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Dallas Mayor's New Council Aims To Address Rising Hate Crimes

Solomon Wilson
The Anti-Hate Advisory Council met on Wednesday, Sept. 15 to address the surge in hate crimes over the last year. The advisory council will explore issues of discrimination related to political difference, race and sexuality.

Mayor Eric Johnson has formed a new Anti-Hate Advisory Council that aims to address an increasing number of hate crimes over the past year.

Speaking at City Hall Wednesday, Johnson said the city must combat hate together.

"We cannot afford to ignore or downplay hate," he said. "Nobody should feel uncomfortable or unsafe in Dallas because of who they are — because of their race or ethnicity, their sexual and gender identities, their religion, or their national origin.”

The increase in Dallas' hate crimes is in line with a recent report from the FBI, which found hate crimes nationwide have reached their highest level in 12 years.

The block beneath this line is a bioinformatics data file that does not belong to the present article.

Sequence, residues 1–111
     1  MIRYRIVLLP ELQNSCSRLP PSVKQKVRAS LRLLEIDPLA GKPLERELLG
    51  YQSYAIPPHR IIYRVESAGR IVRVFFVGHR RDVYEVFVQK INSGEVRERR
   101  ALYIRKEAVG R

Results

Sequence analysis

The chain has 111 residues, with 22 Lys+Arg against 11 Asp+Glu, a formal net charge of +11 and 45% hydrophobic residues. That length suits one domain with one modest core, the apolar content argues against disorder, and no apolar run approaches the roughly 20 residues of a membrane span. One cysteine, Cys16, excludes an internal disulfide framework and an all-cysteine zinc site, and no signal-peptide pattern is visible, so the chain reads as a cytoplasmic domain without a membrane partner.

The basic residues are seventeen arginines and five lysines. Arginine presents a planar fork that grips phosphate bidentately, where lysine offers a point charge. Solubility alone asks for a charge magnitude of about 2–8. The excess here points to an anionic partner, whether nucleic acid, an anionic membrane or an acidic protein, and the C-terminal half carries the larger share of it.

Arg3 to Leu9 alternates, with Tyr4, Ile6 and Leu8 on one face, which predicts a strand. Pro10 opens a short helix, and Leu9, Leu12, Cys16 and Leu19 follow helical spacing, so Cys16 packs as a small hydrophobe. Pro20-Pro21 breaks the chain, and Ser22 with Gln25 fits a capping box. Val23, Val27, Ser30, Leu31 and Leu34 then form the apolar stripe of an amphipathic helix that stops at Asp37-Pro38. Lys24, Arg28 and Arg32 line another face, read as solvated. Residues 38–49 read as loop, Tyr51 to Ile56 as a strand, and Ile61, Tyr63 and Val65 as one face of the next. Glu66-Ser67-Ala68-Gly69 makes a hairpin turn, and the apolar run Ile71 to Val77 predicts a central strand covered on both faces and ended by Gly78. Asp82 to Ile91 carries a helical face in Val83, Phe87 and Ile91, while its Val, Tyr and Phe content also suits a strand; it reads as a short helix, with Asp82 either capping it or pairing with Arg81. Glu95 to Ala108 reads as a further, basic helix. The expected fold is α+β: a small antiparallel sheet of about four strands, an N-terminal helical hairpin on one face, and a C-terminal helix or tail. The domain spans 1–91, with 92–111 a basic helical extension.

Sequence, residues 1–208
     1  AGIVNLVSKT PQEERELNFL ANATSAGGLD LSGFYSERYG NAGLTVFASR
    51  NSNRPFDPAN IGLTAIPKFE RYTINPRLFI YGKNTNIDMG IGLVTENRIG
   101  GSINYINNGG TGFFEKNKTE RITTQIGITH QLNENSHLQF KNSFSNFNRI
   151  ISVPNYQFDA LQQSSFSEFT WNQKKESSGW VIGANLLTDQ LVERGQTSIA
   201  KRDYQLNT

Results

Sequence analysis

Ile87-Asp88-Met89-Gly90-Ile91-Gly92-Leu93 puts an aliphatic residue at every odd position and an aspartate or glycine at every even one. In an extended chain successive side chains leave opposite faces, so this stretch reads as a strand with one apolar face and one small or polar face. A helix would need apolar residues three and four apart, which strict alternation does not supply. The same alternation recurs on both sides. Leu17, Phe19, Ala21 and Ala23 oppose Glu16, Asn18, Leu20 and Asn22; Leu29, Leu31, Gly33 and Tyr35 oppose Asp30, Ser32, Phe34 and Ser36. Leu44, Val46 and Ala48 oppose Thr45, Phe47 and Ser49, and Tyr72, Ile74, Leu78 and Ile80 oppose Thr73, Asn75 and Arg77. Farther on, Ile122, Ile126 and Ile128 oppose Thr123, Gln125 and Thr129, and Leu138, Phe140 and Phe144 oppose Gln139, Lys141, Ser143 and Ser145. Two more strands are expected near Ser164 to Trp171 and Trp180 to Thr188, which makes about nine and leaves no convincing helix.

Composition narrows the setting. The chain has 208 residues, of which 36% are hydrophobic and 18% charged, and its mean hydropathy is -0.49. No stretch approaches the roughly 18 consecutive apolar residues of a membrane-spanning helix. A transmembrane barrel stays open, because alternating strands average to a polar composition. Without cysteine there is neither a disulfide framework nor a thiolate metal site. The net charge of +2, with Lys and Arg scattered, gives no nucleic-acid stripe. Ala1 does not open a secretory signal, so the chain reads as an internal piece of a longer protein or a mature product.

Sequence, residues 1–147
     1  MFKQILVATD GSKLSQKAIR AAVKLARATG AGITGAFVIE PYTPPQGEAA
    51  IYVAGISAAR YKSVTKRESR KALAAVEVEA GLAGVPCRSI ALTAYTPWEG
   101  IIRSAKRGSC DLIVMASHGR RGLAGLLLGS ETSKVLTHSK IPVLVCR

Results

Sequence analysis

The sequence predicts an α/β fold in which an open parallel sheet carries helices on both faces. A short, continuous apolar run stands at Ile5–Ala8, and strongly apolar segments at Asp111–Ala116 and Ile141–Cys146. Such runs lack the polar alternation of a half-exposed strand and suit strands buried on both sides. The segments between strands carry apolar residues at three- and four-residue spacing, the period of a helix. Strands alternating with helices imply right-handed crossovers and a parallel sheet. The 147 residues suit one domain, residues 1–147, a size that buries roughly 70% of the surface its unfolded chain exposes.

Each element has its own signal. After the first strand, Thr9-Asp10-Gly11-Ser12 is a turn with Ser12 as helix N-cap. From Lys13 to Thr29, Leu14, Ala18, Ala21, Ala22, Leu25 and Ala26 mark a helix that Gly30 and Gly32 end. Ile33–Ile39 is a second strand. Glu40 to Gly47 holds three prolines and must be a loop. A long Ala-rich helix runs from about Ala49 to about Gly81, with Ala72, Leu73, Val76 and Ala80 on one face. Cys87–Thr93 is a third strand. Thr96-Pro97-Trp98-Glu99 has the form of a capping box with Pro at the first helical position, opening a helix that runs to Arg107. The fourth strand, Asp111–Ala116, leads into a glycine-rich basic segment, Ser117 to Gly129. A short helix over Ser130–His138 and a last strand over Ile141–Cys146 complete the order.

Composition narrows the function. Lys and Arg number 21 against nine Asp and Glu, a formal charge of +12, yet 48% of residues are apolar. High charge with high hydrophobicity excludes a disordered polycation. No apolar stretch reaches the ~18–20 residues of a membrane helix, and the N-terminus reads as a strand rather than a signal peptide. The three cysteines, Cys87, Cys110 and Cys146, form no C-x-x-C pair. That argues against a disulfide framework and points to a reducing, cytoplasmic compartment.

Data from law enforcement agencies in Texas shows a majority of hate crimes committed in the state last year were tied to a victim’s race or ethnicity.

The 16-member council will advise city leaders on how to shape policy and engage with diverse communities.

Co-chair Sanjiv Yajnik, president of financial services at Capital One, said more work needs to be done to ensure unity among diverse communities in Dallas.

“We have to make sure every person… feels physically safe and psychologically safe, and can express themselves fully,” Yajnik said.

Co-chair Sammie Berry, minister of Dallas West Church of Christ, said it’s important to identify the motivations behind hate crimes. The advisory council will explore issues of discrimination related to political difference, race and sexuality.

“We need to look at the value systems, policies, and laws that allow hate to continue to exist."

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Solomon Wilson is KERA's Marjorie Welch Fitts Louis Fellow. He focuses on covering racial equity, women’s rights, socioeconomic disparities and other evolving issues of social justice in our community.